Understanding the Work Product Exclusion under a BOP Policy
A business owner’s policy is a great way to combine coverage for property and liability risks in one insurance policy. However, it is important to remember that liability coverage is not a warranty of an Insured’s work. The policy will not compensate an aggrieved party for the Insured’s faulty work or products, but it may cover bodily injury or property damage resulting from that faulty work or product.
When thinking about the work product exclusion, it is important to keep in mind the Insured’s scope of the work. If the alleged damage is part of the Insured’s scope of work that job (i.e. the job it was hired to do), coverage would not be afforded, as providing coverage would be a warranty of the work. However, if the Insured is performing within its scope of work and it causes damage beyond the scope of its work or bodily injury to a third party (who is not an employee), coverage may be afforded under the policy.
So, what does that mean? Let’s look at some common scenarios to illustrate the Work Product Exclusion under a BOP Policy…
- Scenario 1: The Claimant realizes “Yikes, the paint color does not look the same on the swatch as it does on my walls.”
In this scenario, the Claimant hired the Insured, a painter, to paint the inside of her home. Once the work is done, she realizes that she does not like the way it looks. Does the BOP policy provide coverage for the Insured, or another contractor, to re-paint the walls? No, the BOP policy is not a warranty of the Insured’s work. Given that the painting of the walls was within the scope of work for this job, there would not be coverage.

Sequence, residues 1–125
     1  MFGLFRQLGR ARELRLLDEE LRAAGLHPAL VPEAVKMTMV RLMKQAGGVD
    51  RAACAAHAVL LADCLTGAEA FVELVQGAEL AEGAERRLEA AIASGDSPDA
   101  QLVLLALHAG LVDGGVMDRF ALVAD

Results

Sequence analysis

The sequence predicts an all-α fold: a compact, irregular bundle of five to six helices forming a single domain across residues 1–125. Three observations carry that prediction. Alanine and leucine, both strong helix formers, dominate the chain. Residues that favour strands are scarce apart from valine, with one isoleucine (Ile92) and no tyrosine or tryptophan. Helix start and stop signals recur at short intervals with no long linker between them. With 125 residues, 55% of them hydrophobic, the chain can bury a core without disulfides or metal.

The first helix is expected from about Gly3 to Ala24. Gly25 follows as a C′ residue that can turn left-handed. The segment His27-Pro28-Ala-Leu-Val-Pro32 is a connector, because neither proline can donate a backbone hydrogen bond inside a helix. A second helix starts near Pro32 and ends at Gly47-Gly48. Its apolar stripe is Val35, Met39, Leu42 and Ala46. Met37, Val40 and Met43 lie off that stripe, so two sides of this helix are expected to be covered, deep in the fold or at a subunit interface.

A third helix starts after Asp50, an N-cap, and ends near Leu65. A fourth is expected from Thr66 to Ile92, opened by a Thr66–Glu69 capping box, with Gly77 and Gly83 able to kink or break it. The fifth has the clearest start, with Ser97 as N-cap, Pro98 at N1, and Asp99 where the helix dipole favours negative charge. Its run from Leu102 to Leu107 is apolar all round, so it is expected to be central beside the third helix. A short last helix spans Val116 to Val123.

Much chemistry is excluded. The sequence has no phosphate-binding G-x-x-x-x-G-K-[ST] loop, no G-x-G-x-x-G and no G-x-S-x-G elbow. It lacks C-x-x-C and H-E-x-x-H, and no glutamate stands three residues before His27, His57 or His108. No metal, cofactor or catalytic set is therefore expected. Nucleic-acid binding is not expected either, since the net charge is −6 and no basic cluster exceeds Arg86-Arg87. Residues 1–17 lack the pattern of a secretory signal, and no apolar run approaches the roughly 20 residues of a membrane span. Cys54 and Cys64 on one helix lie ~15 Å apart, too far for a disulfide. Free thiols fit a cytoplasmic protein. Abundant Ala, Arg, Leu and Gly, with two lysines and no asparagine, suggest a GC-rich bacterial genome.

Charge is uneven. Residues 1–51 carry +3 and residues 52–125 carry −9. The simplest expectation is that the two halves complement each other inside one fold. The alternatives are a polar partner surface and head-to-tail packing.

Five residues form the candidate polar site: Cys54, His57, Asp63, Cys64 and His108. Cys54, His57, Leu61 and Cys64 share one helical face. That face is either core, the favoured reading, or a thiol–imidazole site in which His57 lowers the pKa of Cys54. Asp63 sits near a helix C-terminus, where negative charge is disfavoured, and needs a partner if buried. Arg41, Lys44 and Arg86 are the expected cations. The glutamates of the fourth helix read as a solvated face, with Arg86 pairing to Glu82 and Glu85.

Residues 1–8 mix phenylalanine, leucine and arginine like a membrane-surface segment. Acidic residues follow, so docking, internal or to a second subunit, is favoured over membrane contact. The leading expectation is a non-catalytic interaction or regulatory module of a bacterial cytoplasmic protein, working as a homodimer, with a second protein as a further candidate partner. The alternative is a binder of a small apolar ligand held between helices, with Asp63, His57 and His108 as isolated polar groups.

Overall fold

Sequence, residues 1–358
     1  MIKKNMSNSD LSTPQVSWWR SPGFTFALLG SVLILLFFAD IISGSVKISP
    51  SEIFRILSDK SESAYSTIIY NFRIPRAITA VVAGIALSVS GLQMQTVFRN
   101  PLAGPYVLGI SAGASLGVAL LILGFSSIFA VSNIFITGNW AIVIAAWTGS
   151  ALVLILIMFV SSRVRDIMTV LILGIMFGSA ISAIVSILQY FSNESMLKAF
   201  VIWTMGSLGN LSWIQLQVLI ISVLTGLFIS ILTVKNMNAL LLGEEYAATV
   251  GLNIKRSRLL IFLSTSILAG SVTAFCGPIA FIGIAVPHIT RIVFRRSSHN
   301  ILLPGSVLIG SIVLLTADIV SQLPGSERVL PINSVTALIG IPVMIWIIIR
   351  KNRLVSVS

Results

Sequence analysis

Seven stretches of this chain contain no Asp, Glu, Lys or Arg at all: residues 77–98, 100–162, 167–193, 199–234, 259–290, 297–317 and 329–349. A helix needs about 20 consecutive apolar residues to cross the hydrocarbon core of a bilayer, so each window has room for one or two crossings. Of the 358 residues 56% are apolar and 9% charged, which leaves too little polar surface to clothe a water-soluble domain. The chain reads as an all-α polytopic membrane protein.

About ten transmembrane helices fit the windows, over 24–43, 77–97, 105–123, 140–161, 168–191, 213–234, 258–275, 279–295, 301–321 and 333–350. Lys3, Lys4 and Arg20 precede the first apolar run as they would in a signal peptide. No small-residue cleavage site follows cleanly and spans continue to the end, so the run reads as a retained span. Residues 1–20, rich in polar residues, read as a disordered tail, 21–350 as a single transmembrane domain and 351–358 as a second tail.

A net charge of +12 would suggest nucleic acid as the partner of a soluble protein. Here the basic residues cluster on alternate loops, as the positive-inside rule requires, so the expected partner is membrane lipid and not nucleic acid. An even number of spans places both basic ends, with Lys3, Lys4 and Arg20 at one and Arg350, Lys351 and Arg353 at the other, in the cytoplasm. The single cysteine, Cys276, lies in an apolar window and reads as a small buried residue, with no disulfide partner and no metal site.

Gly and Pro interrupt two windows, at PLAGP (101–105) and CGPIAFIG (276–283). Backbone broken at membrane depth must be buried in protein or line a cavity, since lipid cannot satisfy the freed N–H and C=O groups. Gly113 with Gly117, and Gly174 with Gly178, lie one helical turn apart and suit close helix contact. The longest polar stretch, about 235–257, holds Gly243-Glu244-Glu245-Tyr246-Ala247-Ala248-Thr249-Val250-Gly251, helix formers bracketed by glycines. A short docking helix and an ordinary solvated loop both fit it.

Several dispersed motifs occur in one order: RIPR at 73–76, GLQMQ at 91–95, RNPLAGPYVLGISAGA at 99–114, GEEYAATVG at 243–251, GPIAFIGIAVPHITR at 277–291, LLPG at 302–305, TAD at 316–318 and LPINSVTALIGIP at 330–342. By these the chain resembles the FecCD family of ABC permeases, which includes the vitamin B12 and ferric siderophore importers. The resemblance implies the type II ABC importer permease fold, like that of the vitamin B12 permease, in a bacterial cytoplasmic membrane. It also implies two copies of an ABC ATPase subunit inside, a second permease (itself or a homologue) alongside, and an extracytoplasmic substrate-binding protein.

- Scenario 2: The Claimant does not like the paint color and tells the Insured to “put down the brush!”
In this scenario, the Claimant or Insured, for whatever reason, decides to stop work before the job is completed. Would the Claimant recover damages for incomplete work? No, the BOP policy does not provide coverage for a delay or failure by the Insured or anyone acting on its behalf to perform a contract or agreement pursuant to its terms.
- Scenario 3: The Claimant tells the Insured “I love the new paint color but not on my brand-new hardwood floors!”
In this scenario, the Claimant is unhappy because the Insured accidentally dripped paint on her new hardwood floors while performing the agreed-upon interior painting work in her home. Would there be coverage under the policy for damage to the hardwood floors? Possibly! Given that the Insured was not hired to paint the new hardwood floors, but they were damaged while the Insured was performing within the scope of its work, it is possible that the damage to the floor could be covered.
- Scenario 4: The Claimant is raving about the new paint color to a friend when “Whoops!” … she slips on spilled paint and sustains an injury.
In this scenario, the Claimant sustains an injury as a result of the Insured’s accidental spill on the floor while he was painting her home. Would there be coverage under the policy for the bodily injury resulting from the fall? Possibly! Given that the Insured was performing within its scope of work and accidentally spilled the paint which resulted in the Claimant’s fall, it is possible that this could be covered under the policy.
Simply put, the job itself is not covered, but the resulting peripheral damage or bodily injury to a third party may be covered under the business owner’s policy. Understanding these scenarios and the Work Product Exclusion under a BOP Policy will help you to better advise your clients when common occurrences arise.